Friday Sprog Blogging: You've made it clear "it's a girl thing," but is "it" science?

If your Tweeps have been hashtagging about the same things mine have today, there's a good chance you've already seen this video from the European Union:

Ummm ... yeah. As science outreach, this would never have worked on a younger time-slice of me. But maybe I'm not the target audience.

In the interest of generating empirical data from the two possible members of the actual target audience to whom I have access, I showed the video to each of the Free-Ride offspring (both daughters, as related in my newly-published story at Story Collider) separately, then asked for their reactions, which I've transcribed below:

From the elder Free-Ride offspring, almost 13 years old:

I didn't really see those women doing science. Plus, they were trying to act too sexy. Yuck.

Me: Did you find any of the visuals engaging?

Some of the sprays of orbs were cool.

Me: How about the glassware?

Sort of. But we don't actually see how any of it is used to do science.

Based on this teaser, I would not watch the full music video.

Me: Um, I think it's supposed to be a teaser for an outreach campaign rather than a music video, although it's interesting that it read to you as "music video."

Or whatever. I feel like I've seen enough of this.

Me: Did you feel like it conveyed any information about science?


Me: Did you feel like it conveyed any information about what kind of people do science?

The only clear scientist in that video was the man. The women in that video didn't come across as scientists. They were more like giggly models with scientific props.

Me: If it were you, what kind of strategy would you use to get girls interested in science?

Don't show me make-up, lipstick, and high heels. Show me an actual scientist at work.

* * * * *

From the younger Free-Ride offspring, 11 years old and no stranger to feminine accoutrements:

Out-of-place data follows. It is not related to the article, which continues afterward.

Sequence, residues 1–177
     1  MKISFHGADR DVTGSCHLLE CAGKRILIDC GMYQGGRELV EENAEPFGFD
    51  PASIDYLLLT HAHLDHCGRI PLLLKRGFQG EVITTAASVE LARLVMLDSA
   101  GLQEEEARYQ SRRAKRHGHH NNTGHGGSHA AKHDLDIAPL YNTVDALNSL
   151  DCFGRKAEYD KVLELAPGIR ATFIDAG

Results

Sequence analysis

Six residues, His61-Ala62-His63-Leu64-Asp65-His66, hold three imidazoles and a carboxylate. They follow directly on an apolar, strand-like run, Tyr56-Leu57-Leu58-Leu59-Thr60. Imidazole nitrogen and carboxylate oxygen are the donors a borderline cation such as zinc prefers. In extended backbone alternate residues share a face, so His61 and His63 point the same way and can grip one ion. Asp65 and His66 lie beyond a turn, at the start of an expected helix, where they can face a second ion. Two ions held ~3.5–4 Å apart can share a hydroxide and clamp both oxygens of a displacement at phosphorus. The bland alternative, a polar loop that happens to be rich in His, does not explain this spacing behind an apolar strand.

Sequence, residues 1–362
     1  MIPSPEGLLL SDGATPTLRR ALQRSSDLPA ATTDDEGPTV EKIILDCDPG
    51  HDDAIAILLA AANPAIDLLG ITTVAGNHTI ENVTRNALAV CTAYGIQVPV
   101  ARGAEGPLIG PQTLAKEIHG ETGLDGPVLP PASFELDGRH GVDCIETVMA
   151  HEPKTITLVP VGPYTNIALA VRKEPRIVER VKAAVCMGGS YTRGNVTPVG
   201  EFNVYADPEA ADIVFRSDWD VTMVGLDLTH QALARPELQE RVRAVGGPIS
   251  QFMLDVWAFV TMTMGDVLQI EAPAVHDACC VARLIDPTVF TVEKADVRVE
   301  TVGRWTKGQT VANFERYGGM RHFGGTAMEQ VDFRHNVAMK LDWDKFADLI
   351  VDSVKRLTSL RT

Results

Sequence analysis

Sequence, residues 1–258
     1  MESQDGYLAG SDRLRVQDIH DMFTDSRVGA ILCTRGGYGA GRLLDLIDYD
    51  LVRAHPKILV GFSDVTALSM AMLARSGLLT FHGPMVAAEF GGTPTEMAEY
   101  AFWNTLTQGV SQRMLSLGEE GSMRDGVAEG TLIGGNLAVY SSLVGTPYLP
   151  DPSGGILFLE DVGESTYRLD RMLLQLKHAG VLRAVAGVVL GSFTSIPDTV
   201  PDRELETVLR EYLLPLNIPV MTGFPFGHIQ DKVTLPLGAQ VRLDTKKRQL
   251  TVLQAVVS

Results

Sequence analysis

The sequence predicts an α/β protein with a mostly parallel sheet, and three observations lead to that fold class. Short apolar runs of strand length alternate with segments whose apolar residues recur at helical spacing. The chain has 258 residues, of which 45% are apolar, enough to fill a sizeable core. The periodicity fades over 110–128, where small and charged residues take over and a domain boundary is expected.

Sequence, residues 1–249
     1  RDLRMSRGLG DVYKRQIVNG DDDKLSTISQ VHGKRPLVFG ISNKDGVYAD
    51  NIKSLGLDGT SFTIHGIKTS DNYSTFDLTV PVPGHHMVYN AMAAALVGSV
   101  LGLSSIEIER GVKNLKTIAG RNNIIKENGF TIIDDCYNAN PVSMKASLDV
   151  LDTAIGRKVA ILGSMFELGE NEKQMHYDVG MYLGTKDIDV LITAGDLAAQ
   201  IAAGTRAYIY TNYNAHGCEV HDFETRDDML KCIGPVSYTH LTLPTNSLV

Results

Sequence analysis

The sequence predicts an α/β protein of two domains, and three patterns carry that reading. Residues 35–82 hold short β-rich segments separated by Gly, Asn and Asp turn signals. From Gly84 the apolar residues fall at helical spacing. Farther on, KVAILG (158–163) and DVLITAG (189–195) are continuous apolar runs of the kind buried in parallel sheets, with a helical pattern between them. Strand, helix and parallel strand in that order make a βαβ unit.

Why the high heels?

It was bad. I didn't like it. And science isn't just a girl thing.

Me: What didn't you like about it?

How the guy was all seduced by the girls. And the girls were acting too girly -- abnormally girly.

I didn't feel like anything in the video had anything to do with science. It was just lipstick and stuff -- that's not science.

Me: Well, there's science that goes into making cosmetics.

We didn't see that in the video. We saw make-up exploding on the ground and women giggling.

I don't think this is a good science outreach strategy except to girls who want to have exactly that image.

* * * * *

It appears the sprogs aren't the target audience either -- or, if they are, that this video is 53 seconds of highly produced FAIL.

UPDATE: While the original video was reset to "private", there is a mirror of it:

Because you want to know what the fuss is about, right?

15 responses so far

  • Yael says:

    Your daughters are awesome.

    • Janet D. Stemwedel says:

      I try to remember their awesomeness when they fight, neglect chores, and do other standard kid stuff. "Awesome" is compatible with "work in progress," right?

  • Autistic Lurker says:

    I'm not the target audience but the video (IMO) seem like a fail for all of its target audience.


  • My daughter, age 12, had much the same response. Jaw dropped for a bit, said "huh?" and proclaimed it to be "really dumb."

  • Super Sally says:

    Story Collider item clarification on getting the geometry book:

    I have no specific recollections of telephone calls leading up to my climactic face-to-face meeting with your teacher to get you the geometry book to work through, but I suspect I made several since I was at the boiling point when we did meet.